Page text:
Know Where Your Keyboard Shortcuts Come From

Control-C to copy. Control-V to paste. Control-X to cut. Proficient PC users know about these and other keyboard shortcuts for Windows. Ever wonder about the history behind them?


First, IBM came up with the Systems Application Architecture. That’s right; IBM, not Microsoft. In 1987, IBM was the sheriff in town, with Microsoft playing second fiddle. (At the first meeting between IBM representatives and Microsoft, Bill Gates was mistaken for the office assistant.) The purpose of the SAA project was given as:

During 1987 IBM introduces Systems Application Architecture, which is designed to make application programs look and work in the same manner across the entire range of the company’s personal computing systems, midrange processors and System/370 processors.

This was most ambitious. The Macintosh had been introduced three years earlier. The Amiga and the Atari ST came out a year after that. User friendly was the buzzword du jour throughout the IT sector and Big Blue was looking stodgy.

Nobody ever accused mainframes of being easy to use. IBM had to play catch-up. But, unlike the upstarts, they couldn’t start from stratch; they had to adapt decades-old software that ran on MVS, VM/CMS, and OS/400 in addition to the then-brand new OS/2. This meant that IBM had, as an explicit design goal, “a common user interface for the entire IBM product line. A user who sits down at a PC should see the same menus, keyboards and procedures that he would at a 3270 terminal.”

Here is what a 3270 terminal looked like. Remember that old school ASCII terminals did not have mice. Keeping all of this in mind, note that IBM wanted to make a user interface that would work the same on both those terminals and top-of-the-line 386 personal computers. Naturally, they made some compromises.

You Put a Keyboard Interface in My GUI!

When people think of the CUA user interface (those who even recognize the acronym, that is) they think of keyboard shortcuts like Ctrl-C, Ctrl-V, and so forth. The actual CUA standard, however, specified both a keyboard interface and a graphical user interface. The specification for the graphical user interface included descriptions of the appearance and behavior of such user interface elements as menus, buttons, dialog boxes, and the like. As the CUA standard was updated, the graphical standard was changed to reflect a more “object oriented” model of software design.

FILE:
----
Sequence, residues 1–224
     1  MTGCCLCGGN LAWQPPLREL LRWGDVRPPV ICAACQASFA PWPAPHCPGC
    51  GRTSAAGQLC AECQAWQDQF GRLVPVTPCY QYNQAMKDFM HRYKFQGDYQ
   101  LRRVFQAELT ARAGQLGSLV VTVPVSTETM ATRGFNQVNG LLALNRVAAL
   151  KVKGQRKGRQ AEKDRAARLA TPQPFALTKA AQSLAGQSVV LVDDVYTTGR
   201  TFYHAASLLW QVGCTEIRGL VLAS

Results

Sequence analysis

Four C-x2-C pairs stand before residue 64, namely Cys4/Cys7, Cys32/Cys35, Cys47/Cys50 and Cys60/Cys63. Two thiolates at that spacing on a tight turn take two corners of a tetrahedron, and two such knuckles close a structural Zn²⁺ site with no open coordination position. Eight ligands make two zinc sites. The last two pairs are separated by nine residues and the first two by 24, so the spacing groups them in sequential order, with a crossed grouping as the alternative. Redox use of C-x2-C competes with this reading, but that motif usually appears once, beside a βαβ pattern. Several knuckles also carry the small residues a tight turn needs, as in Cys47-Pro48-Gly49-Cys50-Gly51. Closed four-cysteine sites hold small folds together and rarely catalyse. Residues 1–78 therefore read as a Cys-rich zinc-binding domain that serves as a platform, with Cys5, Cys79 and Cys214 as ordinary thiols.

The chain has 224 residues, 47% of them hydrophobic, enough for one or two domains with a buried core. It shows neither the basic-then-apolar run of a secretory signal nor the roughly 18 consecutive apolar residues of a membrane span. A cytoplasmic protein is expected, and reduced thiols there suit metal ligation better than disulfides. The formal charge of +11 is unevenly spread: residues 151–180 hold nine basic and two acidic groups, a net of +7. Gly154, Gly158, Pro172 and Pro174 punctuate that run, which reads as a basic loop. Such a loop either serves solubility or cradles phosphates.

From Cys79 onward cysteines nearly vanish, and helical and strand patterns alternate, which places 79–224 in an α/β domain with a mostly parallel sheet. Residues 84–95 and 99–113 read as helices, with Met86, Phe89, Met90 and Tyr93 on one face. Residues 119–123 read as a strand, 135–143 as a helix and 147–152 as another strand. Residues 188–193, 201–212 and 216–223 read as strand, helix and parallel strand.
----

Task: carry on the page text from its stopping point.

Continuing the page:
Mainframe terminals did not have mice and they could not support bit-mapped graphics, besides. But they definitely had keyboards. The keyboard interface served as the common denominator for CUA applications whether they ran on mainframes, minicomputers, or microcomputers. This led to the design goal of having all operations being accesible by both mouse and keyboard.

You can see this for yourself in Windows. Press the F10 key and you will see the menu bar activate. You can also activate a menu by pressing the Alt key and the underlined letter of the respective menu that you want to access. The F6 key cycles the focus between different panes of the current window. To select text, press the Shift key while using any cursor-control sequence. Try them; they work.

Where Microsoft Comes In

The CUA standard mentions OS/2 but it doesn’t mention Microsoft Windows. Yet, here we are, using those keybindings. Earlier, I mentioned that Microsoft was the Sauron to IBM’s Morgoth. IBM and Microsoft jointly developed the first three releases of OS/2 (versions 1.0, 1.1, and 1.2). OS/2 had to conform to CUA, so Microsoft picked it up from IBM. By the Joint Development Agreement between the two companies, each had access to much of the source code of the other. That’s how CUA got into Windows. In 1990, Windows 3.0 became a phenomenal success, which contributed to the break-up between Big Blue and Chairman Bill. By then, CUA conventions were firmly rooted in the design of Windows.


Aside from IBM and Microsoft, the only fully CUA-compliant user interface is the Common Desktop Environment. Until Linux took off, the CDE was the graphical user interface for Unix, at least commercial Unix. It was also the graphical user interface for OpenVMS. Unlike Microsoft Windows, the CDE implements both the graphical and keyboard parts of the CUA, perhaps the only environment aside from OS/2 to do so.

Between those familiar with CUA keyboard shortcuts on Windows and those migrating from commercial flavors of Unix, the developers of GNOME and KDE on Linux were all but forced to adopt most of those same keybindings themselves. I remember Linux geeks on Slashdot in the 1990s being chastened when they realized that Windows 95 had more extensive and consistent keyboard shortcuts than their favorite desktop environment of the month.

Be aware that, although CUA keyboard shortcuts are de facto standards for Linux graphical user interfaces, they have made no inroads into the Linux command line or text-only programs. In those situations, Emacs- and Vim-style bindings are much more common.


It is worth your while to master the keybindings of the Common User Access standard. This skill will serve you well whether you use Microsoft Windows or Linux. You may even find them helpful if you ever ride the big iron. You can subscribe to John Cook’s ShortCut Twitter feed to get regular reminders of individual shortcuts. More complete lists of keyboard shortcuts are available at WikiPedia and Microsoft.